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Literature / Thinner

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"When your wife and kids get killed in a plane crash, you don't want to listen to how circuit A fucked up switch B, and traffic controller C had a touch of bug D and navigator E picked the wrong time to go to shithouse F. You just want to sue the shit out of the airline … or kill someone with your shotgun. You want a goat, Halleck. You want to hurt someone. And we're getting hurt. Bad for us. Good for him."
Sheriff Duncan Hopley, on revenge.

Thinner is a 1984 novel by Stephen King, published under his Richard Bachman pseudonym, and the last published under that name before a book store clerk exposed Bachman’s true identity.

Obese lawyer Billy Halleck, charged with vehicular manslaughter after killing an old Romani woman, is acquitted thanks to his connection with the judge. As he leaves the courthouse, the 106-year-old father of the woman places a curse on him that causes him to rapidly lose weight. After learning that the Romani placed a curse on the judge (making him grow hideous scales on his face) and his other friend, a cop that lied on the stand to aid him (leaving his face pockmarked with huge zits), Halleck enlists the help of a former client and mob boss to terrorize the Romani to lift his curse.

Adapted into a 1996 movie, with Robert John Burke as Halleck, Joe Mantegna as the mob boss, and Kari Wührer as a Romani (the ancient one's great-granddaughter, to be precise).

Thinner contains examples of:

  • Accidental Truth: Hopley testified that Billy was sober, deliberately failing to do a breathalyzer on him. Billy was in fact sober during the accident, although he had been guilty of a different kind of reckless negligence.
  • Adaptational Alternate Ending: In both the book and the film, Billy Halleck gets the Gypsy Curse on himself lifted by forcing the sorcerer to place it inside a pie. Billy feeds it to his wife (whom he hates) before his daughter (whom he dotes on) eats a piece of it by mistake. Wracked with guilt, Billy then eats the pie himself. The movie added a subplot of a man that Billy suspects his wife is sleeping with, who rings the door right at that moment. Billy invites him in so he can have a slice of pie as well.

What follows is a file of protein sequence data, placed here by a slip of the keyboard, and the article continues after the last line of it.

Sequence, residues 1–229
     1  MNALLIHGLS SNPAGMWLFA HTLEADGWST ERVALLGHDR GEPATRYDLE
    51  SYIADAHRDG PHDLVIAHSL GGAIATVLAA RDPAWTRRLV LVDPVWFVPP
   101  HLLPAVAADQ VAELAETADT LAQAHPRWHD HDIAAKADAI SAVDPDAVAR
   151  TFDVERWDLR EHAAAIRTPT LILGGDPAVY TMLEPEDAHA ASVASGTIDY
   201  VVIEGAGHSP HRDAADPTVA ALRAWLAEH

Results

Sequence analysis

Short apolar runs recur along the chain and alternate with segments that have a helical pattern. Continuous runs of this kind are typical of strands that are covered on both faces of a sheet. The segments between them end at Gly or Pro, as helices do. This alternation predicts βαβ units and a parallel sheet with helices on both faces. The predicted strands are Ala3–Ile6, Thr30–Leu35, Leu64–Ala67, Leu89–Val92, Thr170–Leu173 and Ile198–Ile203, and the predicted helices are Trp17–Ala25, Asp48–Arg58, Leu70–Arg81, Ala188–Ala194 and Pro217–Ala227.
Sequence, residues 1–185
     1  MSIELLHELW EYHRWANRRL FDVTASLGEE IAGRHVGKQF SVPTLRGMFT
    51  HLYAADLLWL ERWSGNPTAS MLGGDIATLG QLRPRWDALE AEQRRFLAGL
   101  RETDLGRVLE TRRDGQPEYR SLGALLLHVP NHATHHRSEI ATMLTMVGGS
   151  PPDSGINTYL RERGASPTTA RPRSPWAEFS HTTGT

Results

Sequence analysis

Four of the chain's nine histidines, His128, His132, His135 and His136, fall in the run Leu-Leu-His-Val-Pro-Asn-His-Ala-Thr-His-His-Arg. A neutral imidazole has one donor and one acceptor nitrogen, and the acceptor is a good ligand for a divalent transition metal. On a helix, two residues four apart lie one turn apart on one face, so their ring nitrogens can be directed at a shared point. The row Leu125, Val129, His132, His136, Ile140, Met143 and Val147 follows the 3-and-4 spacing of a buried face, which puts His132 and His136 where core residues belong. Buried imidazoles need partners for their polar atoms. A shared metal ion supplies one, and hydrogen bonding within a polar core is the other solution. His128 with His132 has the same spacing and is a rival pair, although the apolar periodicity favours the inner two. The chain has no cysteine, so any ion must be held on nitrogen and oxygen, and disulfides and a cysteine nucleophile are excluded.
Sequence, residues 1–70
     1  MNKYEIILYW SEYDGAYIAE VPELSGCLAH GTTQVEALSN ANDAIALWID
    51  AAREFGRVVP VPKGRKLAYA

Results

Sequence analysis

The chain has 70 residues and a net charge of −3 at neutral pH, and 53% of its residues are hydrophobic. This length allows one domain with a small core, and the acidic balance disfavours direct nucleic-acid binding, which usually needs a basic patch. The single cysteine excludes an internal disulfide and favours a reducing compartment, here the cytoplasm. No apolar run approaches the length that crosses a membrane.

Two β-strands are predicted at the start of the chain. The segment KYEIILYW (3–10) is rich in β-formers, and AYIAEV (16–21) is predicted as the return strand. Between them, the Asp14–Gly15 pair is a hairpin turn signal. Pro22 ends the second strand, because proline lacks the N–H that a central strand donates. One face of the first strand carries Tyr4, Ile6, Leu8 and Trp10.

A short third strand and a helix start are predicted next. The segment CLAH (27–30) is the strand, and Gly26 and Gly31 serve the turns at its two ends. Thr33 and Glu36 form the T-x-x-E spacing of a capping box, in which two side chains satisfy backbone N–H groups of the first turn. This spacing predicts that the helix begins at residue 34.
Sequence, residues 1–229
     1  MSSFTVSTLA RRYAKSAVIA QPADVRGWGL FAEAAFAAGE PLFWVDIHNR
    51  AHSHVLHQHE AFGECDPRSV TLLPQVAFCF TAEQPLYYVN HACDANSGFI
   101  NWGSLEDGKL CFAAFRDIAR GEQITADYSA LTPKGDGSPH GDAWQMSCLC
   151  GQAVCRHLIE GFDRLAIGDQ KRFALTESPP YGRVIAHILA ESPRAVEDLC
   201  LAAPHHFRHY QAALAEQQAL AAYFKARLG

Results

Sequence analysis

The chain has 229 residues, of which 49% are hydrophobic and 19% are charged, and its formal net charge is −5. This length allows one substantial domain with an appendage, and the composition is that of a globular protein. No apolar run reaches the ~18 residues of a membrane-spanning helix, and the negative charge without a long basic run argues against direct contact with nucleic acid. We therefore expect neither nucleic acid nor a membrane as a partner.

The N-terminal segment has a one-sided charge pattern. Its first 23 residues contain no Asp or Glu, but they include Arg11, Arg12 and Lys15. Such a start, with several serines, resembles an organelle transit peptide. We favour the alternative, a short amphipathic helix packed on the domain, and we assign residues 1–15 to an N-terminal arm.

• The film also makes it more explicit that his daughter ate a piece of pie and was presumably infected with the curse too if it didn't stop with one victim, while in the book he only suspects it, albeit with good reason, after seeing two plates in the sink.
  • Affably Evil: Richie Ginelli is pretty friendly, if primarily towards Halleck for saving his ass in court. He's extremely vicious towards anyone whom he considers an enemy and goes on a rampage against the Romani to protect his friend and return the favor.
  • Ambiguous Syntax: Lemke's warnings about the curse being transferred "whoever" eats the pie make it a bit unclear if it will just kill the first person to eat from it, or anyone who eats a piece, making it slightly ambiguous whether Billy's whole family dies from eating the pie or just his wife, especially in the movie.
  • Anti-Villain: Taduz Lemke places a curse on the man responsible for his daughter's death as well as the two men who helped cover it up. Any sympathy you had is diminished, however, when they brutally murder a bystander paid to give Richie a signal just to send the protagonist a message.
  • Appropriated Appelation: After the old Romani derisively calls Halleck "White Man from Town", he uses the phrase to intimidate them into taking the curse off.
  • As Long as It Sounds Foreign: The passages supposedly in the Romani language are, in fact, in Swedish, and mostly gibberish.
  • Asshole Victim: Halleck, the judge, and the cop. Dr. Mikey could qualify also, as do the Romani (at least in the movie) once Richie enters the scene.
  • At Least I Admit It: Hopley wearily acknowledges that he's earned Taduz's wrath even as Billy makes justifications.
  • Auto Erotica: Halleck hit the old woman because his wife was giving him a handjob while he was driving. (The movie changes it to a blowjob.)
  • Bait-and-Switch:
    • In the movie, when Richie confronts Gina in the barn, he opens up a mason jar that seemingly contains acid and throws the contents onto her face. After she screams in pain:
      Richie: You scream again, and I'll kill you. You just got a face full of soda pop and baking soda.
    • Subverted when he pulls out a second jar with real acid, pulls off the lid and places it on her head, telling her to be very still. He spills a few drops on the floor to prove that he's not pulling the same prank twice.
  • Body Horror: The curses. Given that Halleck is the main character, we get to hear exactly what the Thinner curse entails — a weight loss of two pounds a day. Great if you are a morbidly obese man, as Billy is when the novel begins. Not so much when he starts to lose too much weight. Protruding bones, headaches, brittle hair, jaundice, heart arrhythmia... which all happen to be symptoms of Anorexia Nervosa. Despite not having an appetite at all (it's left up in the air whether or not it's a side effect of the curse, or Halleck's own guilt), he eats like a horse anyway because when he once skipped a meal, instead of losing two pounds, he lost three.